Book Review: Coming of Age: Constructing and Controlling Youth in Munich, 1942-1973 by Martin Kalb.

Author:Hare, J. Laurence
Position:Book review
 
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Kalb, Martin. Coming of Age: Constructing and Controlling Youth in Munich, 1942-1973. New York: Berghahn, 2016. xii + 273 pages. Hardcover, $85.00.

Few can deny that Germany's twentieth century ran a turbulent course, from an authoritarian monarchy to a chaotic republic, through Nazism, Communism, two world wars, and concluding with the emergence of a stable democracy. The challenge of explaining these dramatic and rapid transformations has created fertile ground for some interesting historiographical innovations. Among these has been an emphasis on 'generations' as a category of analysis. Such approaches have roughly fallen into two categories, with the first treating the common experiences of generational cohorts to assess their responses to dictatorship and war. The second, more commonly utilized in postwar histories, has explored the dynamics of intergenerational conflict. It is to this latter discussion that historian Martin Kalb's Coming of Age: Constructing and Controlling Youth in Munich, 1942-1973 makes its mark, offering a study of the perceptions of youth in Munich during the first three decades after the Second World War. For Kalb, the issue is not the reality of the youth experience in postwar Germany, but the ways in which municipal and state authorities, the press, and consumer industries constructed a series of images of youth from the late 1940s through the waning days of the so-called student movement in the early 1970s. Kalb's avowed goals are first to "challenge pervasive constructions or representations of youth as delinquent" (p. 1), and second to "demonstrate how social constructions can be powerful tools of social control" (p. 236). Ultimately, this first promise gets less attention in the study, but the second comes through brilliantly and makes for some solid cultural history.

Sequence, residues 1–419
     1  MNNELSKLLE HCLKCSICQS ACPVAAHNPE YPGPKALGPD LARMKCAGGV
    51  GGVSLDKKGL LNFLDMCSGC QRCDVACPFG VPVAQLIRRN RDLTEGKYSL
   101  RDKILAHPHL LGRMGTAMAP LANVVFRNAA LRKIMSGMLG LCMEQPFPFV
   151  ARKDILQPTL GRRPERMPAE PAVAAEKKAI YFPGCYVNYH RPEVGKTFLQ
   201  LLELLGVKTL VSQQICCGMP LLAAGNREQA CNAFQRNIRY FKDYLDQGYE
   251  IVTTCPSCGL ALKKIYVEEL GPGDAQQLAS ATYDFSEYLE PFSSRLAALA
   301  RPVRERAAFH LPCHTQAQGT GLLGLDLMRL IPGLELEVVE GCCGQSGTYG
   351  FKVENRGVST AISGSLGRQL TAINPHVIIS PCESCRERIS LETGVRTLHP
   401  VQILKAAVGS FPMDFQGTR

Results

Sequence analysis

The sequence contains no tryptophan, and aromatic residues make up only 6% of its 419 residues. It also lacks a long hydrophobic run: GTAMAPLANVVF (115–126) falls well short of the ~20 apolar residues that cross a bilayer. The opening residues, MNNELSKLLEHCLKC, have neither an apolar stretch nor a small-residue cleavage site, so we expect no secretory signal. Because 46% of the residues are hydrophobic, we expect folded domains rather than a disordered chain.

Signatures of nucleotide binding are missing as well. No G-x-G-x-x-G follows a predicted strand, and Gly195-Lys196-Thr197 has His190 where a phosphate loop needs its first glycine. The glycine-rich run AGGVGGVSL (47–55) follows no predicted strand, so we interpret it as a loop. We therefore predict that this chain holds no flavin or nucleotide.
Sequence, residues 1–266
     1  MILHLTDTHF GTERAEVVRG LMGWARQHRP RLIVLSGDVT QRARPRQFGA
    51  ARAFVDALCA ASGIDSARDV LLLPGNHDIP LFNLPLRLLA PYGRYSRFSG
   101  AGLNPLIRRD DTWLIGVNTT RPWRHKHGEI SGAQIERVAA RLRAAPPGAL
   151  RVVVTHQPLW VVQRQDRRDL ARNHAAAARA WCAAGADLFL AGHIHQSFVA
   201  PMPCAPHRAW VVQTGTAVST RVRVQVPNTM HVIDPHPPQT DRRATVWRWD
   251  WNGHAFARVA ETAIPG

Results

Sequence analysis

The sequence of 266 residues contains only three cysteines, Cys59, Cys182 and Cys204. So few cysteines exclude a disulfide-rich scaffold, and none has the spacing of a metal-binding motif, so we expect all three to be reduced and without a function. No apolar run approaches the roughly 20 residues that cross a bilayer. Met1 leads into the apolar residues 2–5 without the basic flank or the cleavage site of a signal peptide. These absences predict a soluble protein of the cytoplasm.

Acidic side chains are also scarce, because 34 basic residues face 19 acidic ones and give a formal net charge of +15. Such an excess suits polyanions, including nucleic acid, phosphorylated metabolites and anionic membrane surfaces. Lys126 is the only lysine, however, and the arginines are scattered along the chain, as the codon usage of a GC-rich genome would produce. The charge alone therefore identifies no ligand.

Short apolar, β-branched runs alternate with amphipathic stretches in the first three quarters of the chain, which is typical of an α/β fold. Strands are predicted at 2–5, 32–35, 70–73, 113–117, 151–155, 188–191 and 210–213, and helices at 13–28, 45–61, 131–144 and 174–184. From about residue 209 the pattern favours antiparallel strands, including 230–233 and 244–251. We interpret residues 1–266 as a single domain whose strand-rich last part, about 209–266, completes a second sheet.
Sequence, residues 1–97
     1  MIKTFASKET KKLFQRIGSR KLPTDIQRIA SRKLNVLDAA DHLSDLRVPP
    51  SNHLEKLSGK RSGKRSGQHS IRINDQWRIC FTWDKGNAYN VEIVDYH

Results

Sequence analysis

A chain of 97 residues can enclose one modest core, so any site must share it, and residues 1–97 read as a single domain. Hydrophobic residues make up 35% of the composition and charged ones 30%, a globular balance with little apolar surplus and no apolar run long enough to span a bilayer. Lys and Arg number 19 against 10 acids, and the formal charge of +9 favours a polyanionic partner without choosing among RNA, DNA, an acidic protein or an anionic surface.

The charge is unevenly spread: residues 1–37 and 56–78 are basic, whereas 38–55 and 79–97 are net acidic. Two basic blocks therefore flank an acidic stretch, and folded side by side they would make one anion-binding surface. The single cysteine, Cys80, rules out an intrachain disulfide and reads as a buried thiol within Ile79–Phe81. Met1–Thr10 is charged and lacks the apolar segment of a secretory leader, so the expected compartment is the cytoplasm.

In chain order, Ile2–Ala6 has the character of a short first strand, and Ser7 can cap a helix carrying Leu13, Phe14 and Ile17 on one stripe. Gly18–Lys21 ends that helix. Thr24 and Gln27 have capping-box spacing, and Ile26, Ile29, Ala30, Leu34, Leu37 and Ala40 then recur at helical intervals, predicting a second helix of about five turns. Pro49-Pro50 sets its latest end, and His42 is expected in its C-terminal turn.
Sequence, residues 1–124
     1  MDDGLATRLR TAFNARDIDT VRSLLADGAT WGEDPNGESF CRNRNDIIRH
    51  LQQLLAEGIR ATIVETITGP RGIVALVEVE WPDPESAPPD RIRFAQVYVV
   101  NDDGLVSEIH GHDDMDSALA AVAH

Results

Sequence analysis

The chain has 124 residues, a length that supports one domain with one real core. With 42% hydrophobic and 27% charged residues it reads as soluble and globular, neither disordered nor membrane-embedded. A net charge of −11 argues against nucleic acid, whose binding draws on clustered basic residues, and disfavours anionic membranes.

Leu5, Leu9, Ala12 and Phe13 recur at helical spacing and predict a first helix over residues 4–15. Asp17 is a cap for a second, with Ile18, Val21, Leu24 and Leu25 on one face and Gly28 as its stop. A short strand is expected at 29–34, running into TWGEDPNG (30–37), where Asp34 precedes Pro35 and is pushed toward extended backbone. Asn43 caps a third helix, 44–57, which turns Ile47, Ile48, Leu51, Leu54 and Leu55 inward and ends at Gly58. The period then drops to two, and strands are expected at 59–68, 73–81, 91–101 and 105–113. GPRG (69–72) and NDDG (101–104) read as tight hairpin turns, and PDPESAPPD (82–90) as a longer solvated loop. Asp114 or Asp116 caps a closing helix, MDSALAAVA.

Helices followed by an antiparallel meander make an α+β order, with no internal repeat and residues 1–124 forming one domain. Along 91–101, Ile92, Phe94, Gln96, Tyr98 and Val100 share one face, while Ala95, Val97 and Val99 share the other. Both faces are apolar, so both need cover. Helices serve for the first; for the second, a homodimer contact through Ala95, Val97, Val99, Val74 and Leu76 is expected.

According to Kalb, fears of wayward or hypersexualized adolescents and young adults formed a thread of continuity in the postwar era, but were particularly acute at three critical periods: the immediate postwar years, the late 1950s when Germany experienced stunning economic growth and material affluence, and the years of protest in the late 1960s. The book is thus divided into three sections examining each of these moments as vignettes in a longer history of struggles to define and control youth. Within each section, Kalb dedicates a chapter to describing the prevailing images of youth, which were typically divided firmly along gender lines.

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